Rural Alaska

In rural Alaska, a plan takes shape to rebuild military presence

NAPASKIAK – A contingent of camouflaged National Guard members and top leaders – including the nation's top Army Guard general -- are trying to make a mark this week in Southwestern Alaska as the state works to resurrect a rural military force.

Snow was blowing as they traveled Tuesday on the frozen Kuskokwim River from Bethel to Napaskiak in a convoy of tracked military rigs, SUSVs, or small unit support vehicles. They met with village residents and showed Lt. Gen. Timothy Kadavy, the Arlington, Virginia, based director of the Army National Guard, a quick glimpse of life in village Alaska.

"This is the best I've ever heard," said Sgt. Joseph Sallaffie, one of just three full-time Army Guard members – counting one on temporary assignment -- who work out of the Bethel's oversized guard armory. The still-pristine building near the airport was a product of such advance planning that by the time it opened in 2011, it no was longer needed. Sallaffie was beyond excited at the possibility of boosting long-diminished rural numbers.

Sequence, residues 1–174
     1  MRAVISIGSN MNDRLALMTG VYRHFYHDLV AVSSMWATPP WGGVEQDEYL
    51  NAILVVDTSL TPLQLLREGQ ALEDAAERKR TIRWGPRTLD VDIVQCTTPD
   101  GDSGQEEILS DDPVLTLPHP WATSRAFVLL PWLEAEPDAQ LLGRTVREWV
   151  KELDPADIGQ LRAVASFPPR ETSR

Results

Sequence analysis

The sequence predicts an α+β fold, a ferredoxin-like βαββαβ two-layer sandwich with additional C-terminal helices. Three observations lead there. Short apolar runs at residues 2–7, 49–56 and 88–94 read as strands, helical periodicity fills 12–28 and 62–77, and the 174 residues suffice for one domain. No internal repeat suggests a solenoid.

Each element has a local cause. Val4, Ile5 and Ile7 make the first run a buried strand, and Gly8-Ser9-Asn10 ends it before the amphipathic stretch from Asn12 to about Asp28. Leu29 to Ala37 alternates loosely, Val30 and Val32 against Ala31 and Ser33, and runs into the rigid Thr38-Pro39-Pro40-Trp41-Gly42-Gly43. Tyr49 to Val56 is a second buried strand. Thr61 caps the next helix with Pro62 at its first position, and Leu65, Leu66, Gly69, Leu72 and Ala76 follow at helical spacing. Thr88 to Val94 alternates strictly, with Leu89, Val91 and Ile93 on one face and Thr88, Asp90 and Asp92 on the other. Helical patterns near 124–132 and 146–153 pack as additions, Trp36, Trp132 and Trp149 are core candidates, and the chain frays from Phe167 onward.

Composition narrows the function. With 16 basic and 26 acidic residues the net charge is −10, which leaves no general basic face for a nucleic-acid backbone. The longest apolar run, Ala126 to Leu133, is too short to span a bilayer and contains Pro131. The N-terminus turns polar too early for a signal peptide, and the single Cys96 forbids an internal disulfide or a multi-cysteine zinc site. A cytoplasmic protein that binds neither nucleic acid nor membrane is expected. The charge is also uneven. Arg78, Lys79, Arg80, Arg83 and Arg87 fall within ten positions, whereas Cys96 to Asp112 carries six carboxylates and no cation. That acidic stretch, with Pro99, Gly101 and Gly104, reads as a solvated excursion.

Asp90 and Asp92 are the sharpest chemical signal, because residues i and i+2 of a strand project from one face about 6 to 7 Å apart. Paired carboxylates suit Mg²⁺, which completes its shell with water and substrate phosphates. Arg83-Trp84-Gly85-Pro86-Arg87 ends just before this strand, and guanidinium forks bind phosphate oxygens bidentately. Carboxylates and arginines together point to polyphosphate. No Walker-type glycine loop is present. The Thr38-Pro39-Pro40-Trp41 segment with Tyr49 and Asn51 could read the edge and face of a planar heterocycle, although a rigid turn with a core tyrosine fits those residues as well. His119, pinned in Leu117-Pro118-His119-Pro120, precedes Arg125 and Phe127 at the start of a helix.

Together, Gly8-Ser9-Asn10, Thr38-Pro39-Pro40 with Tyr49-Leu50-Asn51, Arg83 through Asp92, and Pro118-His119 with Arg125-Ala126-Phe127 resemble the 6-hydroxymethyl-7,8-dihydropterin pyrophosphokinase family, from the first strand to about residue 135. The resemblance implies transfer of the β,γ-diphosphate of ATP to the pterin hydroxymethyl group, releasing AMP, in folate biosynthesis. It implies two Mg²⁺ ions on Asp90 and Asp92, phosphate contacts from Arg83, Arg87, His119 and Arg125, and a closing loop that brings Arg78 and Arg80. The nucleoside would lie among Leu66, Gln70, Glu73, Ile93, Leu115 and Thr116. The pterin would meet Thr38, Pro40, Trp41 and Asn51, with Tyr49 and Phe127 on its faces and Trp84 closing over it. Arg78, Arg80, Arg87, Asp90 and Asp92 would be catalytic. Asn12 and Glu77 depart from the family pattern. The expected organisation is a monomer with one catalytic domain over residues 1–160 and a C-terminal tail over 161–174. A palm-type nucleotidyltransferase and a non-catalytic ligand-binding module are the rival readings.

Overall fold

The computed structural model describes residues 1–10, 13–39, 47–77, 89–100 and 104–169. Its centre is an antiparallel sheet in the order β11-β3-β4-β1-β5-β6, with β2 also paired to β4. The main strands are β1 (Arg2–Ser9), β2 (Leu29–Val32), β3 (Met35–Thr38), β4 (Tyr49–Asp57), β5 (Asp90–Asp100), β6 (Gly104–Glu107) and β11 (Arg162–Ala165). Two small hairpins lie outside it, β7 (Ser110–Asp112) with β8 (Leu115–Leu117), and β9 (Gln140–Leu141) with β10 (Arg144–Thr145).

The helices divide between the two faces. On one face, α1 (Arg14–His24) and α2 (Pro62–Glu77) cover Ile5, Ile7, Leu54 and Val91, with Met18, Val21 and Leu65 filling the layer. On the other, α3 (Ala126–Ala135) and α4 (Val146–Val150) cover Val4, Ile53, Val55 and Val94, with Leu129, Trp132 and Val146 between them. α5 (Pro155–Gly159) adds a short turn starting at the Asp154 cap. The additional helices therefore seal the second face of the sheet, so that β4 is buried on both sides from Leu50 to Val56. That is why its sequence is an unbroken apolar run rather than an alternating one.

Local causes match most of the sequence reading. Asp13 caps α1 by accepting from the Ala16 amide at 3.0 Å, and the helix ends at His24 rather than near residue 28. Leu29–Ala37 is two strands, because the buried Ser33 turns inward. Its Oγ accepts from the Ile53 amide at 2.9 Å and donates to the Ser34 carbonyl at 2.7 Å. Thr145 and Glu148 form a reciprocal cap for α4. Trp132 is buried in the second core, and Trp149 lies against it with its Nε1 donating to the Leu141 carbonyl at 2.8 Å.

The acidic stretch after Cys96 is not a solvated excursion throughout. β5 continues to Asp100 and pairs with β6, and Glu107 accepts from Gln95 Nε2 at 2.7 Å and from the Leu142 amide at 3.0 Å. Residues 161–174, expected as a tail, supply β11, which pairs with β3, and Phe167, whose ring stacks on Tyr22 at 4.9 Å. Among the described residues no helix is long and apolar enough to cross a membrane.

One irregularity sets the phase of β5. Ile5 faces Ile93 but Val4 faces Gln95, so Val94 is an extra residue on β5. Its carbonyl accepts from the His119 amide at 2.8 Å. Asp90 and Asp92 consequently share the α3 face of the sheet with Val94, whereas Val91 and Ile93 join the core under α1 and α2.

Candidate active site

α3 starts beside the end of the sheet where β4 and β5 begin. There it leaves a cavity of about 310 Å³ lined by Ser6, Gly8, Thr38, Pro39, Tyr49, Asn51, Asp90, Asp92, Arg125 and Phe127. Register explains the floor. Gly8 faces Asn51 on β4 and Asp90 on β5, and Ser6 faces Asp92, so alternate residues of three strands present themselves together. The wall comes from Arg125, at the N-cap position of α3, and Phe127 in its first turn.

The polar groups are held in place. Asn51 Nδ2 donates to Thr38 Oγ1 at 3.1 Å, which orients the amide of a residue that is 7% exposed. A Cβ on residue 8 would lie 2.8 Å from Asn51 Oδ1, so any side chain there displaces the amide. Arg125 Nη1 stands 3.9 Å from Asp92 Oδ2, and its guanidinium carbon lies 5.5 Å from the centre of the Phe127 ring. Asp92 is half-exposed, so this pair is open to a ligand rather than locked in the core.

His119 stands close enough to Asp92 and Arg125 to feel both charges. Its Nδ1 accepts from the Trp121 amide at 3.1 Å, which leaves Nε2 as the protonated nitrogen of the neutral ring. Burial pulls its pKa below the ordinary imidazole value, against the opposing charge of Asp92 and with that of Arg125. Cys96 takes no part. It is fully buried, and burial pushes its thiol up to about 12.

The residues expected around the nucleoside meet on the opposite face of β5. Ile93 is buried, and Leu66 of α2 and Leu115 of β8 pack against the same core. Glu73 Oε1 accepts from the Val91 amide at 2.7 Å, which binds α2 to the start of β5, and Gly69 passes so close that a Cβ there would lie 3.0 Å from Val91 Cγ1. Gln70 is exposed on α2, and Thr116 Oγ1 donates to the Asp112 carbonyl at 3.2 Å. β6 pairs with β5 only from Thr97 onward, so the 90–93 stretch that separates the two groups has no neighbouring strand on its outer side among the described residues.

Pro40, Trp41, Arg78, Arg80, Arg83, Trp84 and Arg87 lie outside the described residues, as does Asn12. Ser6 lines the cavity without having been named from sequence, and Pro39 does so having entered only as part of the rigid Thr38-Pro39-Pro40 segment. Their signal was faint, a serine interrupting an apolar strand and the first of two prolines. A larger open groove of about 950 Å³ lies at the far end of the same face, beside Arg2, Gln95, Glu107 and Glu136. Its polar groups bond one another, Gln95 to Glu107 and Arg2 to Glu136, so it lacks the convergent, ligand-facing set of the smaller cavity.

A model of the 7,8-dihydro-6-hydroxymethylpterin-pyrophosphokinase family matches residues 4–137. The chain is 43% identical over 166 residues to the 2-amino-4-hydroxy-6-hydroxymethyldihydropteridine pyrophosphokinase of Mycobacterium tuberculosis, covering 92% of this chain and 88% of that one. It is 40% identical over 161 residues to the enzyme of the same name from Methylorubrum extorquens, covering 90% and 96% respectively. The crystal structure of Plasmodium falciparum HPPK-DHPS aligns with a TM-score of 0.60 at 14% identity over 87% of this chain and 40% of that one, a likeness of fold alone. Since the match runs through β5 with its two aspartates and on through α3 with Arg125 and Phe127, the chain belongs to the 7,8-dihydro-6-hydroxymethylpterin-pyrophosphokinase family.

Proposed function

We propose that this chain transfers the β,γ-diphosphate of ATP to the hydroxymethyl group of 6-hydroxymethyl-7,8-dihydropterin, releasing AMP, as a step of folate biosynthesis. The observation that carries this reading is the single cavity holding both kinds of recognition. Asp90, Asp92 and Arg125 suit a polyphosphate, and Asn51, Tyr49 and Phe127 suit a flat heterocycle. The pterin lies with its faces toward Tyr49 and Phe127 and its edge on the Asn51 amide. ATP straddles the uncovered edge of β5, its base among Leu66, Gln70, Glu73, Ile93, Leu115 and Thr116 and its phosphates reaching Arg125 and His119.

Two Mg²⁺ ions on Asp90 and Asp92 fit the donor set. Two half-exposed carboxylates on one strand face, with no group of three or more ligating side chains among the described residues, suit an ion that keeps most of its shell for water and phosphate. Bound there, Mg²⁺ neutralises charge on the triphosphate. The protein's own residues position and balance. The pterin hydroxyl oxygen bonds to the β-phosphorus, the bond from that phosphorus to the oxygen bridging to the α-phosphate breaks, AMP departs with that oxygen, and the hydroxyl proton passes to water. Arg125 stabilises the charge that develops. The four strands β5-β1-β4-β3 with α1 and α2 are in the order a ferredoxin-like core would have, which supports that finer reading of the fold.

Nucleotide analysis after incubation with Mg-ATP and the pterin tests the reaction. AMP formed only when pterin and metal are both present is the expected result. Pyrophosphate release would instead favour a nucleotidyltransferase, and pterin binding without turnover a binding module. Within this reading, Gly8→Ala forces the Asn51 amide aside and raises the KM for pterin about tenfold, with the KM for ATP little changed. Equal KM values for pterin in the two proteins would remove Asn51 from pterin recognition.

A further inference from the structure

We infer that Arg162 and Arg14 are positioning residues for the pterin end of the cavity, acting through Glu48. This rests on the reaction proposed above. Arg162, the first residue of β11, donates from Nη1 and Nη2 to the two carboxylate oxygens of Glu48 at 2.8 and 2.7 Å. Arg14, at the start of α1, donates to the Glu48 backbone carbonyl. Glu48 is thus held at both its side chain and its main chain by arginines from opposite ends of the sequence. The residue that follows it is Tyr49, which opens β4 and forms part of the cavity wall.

In Napaskiak, about 7 miles south of Bethel on the ice road, school was out of session because of Slavic, the Orthodox Christian Christmas celebration that absorbs many Yup'ik villages each January with a week of prayers, feasts and carols. But bleachers in the small school gymnasium — which the National Guard rented for the occasion — soon filled with residents, including families of former guard members from the village who were being honored anew. One 11-year-old boy said afterward he already wanted a military career, maybe in special forces.

Brig. Gen. Laurie Hummel, the adjutant general of the Alaska National Guard and part of Gov. Bill Walker's Cabinet, told the crowd the state wants to restore what was once a vital backbone in rural Alaska — but for now it will sidestep the guard's hard-to-meet standards.